In the second of a new series, Communications Coordinator Sarah shares what it is like to ditch her bus pass and take up cycling to work.
First things first – I have a bike! It took less than a week for both Cyclescheme and the University’s payroll to authorise payments for the bike I had ordered to be debited from my monthly salary. A few days later, I went along to Edinburgh Bicycle Cooperative to pick it up.
I chose a Giant Liv Rove 2 hybrid bike with lockable suspension, perfect for both a tarmac commute and off-road gravel tracks. The staff had already fitted the lights, mud-guards, and lock that I’d ordered, and upon collection, spent time adjusting the seat and handlebar grips to make my ride comfortable.
I had such a big smile by the first set of traffic lights – what a super new toy!
Once home, I purchased insurance with Cycleguard to cover 3rd party liability and injury, which came in at a very reasonable £66 for the first year. It’s peace of mind in case the bike is stolen, I get hit, or I hit someone or something else – although fingers crossed none of these ever happen.
The next morning, cycling along the Innocent Railway path on my own bike was pretty special… a big hit of Vitamin D, the coconutty smell of gorse, a beautiful male pheasant crowing in the field. Having suspension makes such a difference when going over lumps and bumps, and smoothes out kerbs and cobbles.
After a few days I attended one of the free Dr. Bike sessions organised by the University Transport and Security teams. The qualified mechanic gave my bike a once over, making a few more adjustments for comfort and giving me some advice on type pressure for my weight to get optimum performance.
The ever-friendly Security team checked that I my bike had been embossed for the Bike Register, and added a sticker to the bike’s frame to indicate it was registered in a bid to deter thieves.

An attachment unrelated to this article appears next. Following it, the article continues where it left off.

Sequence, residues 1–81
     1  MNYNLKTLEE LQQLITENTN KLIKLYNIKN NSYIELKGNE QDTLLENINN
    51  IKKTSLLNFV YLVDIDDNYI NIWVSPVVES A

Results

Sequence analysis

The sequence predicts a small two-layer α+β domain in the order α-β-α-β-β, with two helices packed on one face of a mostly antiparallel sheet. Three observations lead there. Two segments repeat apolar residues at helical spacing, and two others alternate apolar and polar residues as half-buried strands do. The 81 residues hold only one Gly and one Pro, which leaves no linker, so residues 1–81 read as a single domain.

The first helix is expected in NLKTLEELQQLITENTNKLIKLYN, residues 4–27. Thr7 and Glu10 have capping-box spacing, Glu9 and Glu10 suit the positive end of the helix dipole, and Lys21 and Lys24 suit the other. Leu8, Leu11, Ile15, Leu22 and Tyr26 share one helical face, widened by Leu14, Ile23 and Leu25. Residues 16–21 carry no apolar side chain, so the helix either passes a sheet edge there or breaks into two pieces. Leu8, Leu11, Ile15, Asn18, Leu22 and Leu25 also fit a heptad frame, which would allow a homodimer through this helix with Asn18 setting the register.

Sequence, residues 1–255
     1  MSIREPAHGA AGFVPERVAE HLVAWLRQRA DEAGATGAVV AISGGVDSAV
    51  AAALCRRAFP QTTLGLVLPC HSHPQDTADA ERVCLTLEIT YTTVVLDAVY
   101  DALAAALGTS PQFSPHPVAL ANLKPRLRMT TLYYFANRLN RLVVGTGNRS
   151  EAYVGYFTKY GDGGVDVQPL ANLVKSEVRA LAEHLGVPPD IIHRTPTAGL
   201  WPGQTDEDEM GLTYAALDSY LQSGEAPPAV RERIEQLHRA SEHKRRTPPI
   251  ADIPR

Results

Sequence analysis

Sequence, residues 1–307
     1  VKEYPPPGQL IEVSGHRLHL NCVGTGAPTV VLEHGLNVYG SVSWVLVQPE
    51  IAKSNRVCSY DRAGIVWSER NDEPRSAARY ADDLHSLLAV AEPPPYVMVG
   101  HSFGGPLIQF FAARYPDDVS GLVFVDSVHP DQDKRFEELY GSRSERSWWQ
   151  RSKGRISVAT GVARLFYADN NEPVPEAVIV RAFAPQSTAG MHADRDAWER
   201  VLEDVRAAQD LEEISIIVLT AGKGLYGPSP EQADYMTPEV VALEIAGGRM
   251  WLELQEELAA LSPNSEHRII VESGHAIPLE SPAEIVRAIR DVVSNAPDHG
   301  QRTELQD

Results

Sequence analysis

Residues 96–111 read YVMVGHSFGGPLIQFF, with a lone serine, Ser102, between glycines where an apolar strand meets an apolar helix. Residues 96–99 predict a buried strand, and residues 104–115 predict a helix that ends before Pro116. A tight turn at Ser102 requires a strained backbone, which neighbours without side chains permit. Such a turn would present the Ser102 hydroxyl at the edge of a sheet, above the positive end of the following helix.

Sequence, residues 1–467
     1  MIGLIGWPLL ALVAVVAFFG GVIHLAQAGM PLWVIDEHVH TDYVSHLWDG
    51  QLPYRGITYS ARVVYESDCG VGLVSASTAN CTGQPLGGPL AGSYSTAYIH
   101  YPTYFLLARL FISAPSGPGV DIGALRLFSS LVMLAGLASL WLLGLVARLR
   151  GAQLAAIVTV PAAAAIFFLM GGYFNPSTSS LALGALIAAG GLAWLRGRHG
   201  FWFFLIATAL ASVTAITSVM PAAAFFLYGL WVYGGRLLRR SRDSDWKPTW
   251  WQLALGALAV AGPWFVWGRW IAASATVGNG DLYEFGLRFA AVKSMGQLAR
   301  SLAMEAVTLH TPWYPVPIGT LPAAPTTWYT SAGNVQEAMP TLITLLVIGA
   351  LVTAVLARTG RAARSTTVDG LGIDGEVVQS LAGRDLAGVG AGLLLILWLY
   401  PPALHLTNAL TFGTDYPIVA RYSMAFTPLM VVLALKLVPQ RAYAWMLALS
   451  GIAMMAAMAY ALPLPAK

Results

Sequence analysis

Theft is a real concern of mine – a few years back I had a Specialized hybrid stolen and I would be heartbroken if it happened again. A colleague gave me a quick tutorial on sensible ways to lock up the bike, the suspension and the quick-release wheels, and I’m more confident now when leaving it in a new place.
I’ve learned a lot this month. Cycling makes you a better cyclist-aware driver, and as far as rush hour traffic is concerned, the more I’m exposed to it, the more comfortable and confident I become.
I’ve also noticed a change in me – the journey to work is something I now look forward to, and the journey home is a chance to take a new route and explore at the end of the day. Like many staff cyclists, I signed up for Sustrans’ Scottish Workplace Journey Challenge in May, clocking up 150 miles over 47 journeys, and burning over 7,000 calories. I even won £20 worth of Filmhouse vouchers for inviting a friend to sign up too – the icing on the cycling cake.
I’ve been cycling for 6 weeks now, and the novelty still hasn’t worn off. I’ve seen sparrows taking baths in puddles, met women cycling the width of Scotland, and got to cuddle my dog Snowy’s doppelgänger “Molly”, all because I was out in the air rather than sitting on a bus with my headphones in.
Rain or shine, I’m looking forward to what the next month has in store.
Tweet Sarah at @sarah_fordhutch